Thursday, July 14, 2016

The guy who writes this blog is a genius! Biblical Germatria...

His newest work....


There is a mystery in the universe, for which no satisfactory explanation has yet been found. The first exoplanet (planet orbiting a star outside our solar system) was only confirmed in 1992. It was orbiting a pulsar, the rapidly spinning core of a dead star. The first exoplanet orbiting a Sun-like star was confirmed three years later, in 1995. Since then, over 3,200 have been found (as at July 2016). Exoplanets can be found either using direct imaging, timing variations, or radial velocity. But most are found using transit photometry.

Between 2009 and 2013, the Kepler telescope monitored 150,000 stars. Measurements taken every thirty minutes allowed for the detection of any slight reduction of light from any of those stars. When a planet passes in front of its host star, it blocks a small amount of that star's light, even if only slightly.

Our biggest planet is Jupiter. Huge, about 2.5 times the size (by mass) of all the other planets combined. 1,321 Earths would fit inside the volume of Jupiter. For comparison, a transit of Jupiter would dim the light of the sun by about a full one percent. Imagine the surprise when a transit was recently observed that blocked twenty percent of a star 1.5 time the size of the sun! Initially ignored by computer analysis (we weren't looking for that!), a vast team of citizen scientists subsequently made the discovery after reviewing the Kepler dats in October, 2015. Yale astronomer Tabetha Boyajian details the discovery in this video. For languages other than English or an interactive transcript, click here (14 subtitles available).:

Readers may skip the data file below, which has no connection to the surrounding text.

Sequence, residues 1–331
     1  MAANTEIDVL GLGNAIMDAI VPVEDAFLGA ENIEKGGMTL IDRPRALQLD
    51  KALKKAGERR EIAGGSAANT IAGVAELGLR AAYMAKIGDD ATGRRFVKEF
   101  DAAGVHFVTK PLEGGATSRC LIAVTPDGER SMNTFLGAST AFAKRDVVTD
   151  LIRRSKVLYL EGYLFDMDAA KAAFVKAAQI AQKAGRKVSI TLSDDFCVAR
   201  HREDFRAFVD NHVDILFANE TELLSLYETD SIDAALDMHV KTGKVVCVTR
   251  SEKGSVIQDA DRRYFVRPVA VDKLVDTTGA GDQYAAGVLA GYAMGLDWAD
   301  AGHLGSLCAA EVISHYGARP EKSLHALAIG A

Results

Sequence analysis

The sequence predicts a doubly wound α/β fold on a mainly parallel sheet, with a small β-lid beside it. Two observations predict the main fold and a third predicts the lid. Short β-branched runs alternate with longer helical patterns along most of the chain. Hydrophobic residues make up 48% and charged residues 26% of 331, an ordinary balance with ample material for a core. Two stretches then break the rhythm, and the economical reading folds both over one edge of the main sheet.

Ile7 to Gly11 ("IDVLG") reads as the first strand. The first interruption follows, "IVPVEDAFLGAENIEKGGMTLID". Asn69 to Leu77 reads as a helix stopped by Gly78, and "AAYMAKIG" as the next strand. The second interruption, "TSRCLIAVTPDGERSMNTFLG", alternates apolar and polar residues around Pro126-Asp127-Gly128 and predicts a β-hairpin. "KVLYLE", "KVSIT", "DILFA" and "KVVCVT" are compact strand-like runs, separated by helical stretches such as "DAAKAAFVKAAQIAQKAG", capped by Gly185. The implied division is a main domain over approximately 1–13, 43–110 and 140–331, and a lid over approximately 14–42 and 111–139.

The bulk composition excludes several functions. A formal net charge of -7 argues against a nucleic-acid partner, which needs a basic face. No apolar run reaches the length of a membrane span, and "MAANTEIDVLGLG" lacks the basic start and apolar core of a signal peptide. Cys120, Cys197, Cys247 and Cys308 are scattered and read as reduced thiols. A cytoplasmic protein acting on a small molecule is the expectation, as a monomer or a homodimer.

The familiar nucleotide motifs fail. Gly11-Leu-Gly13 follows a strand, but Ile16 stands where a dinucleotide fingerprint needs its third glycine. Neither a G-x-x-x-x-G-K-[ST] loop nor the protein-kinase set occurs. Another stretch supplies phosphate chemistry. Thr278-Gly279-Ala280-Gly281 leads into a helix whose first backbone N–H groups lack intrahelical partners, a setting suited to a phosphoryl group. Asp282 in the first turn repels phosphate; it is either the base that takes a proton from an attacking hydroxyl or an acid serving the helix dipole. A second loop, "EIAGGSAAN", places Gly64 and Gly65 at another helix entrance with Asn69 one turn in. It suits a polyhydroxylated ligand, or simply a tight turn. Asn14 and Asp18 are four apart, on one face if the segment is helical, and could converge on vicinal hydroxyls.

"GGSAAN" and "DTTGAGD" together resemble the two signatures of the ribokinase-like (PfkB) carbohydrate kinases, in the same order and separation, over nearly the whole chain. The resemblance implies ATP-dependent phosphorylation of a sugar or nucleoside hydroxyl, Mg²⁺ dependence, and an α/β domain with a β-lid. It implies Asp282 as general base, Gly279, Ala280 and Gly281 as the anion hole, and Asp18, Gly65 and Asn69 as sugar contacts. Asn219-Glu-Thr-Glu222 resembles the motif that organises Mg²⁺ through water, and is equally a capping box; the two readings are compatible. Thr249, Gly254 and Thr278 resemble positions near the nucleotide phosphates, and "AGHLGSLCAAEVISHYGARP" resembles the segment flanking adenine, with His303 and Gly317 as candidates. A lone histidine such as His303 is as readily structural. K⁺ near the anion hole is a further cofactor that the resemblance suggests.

Wow! If that doesn't grab your attention you're way too parochial. The mystery star  is located in the Cygnus constellation (Northern Cross).

Cygnus is the swan. The word התנשמת (haTanshemeth, meaning "the swan") appears twice in the Hebrew Bible (Lev 11:18 and Deu 14:16), and has a gematria value of 1195. KIC 8462852 shines with a magnitude of 11.7, and in pi the first occurrence of 1195 is preceded by the 11th star number (661).

661 is the gematria value of biblical hero Esther, whose name means "star"
661 is the 121st prime number
121 (11²) is also a star number


It's a long decode with very interesting methods. He uses the PI calculator to find strings of numbers. I tried to use it but it doesn't work on my shitty computer. I wanted to see if the lottery numbers connected somehow that way. Here's the site if anybody wants to test this system...

PI search engine...

Anyway I highly recommend this blog ....
Biblical Germatria

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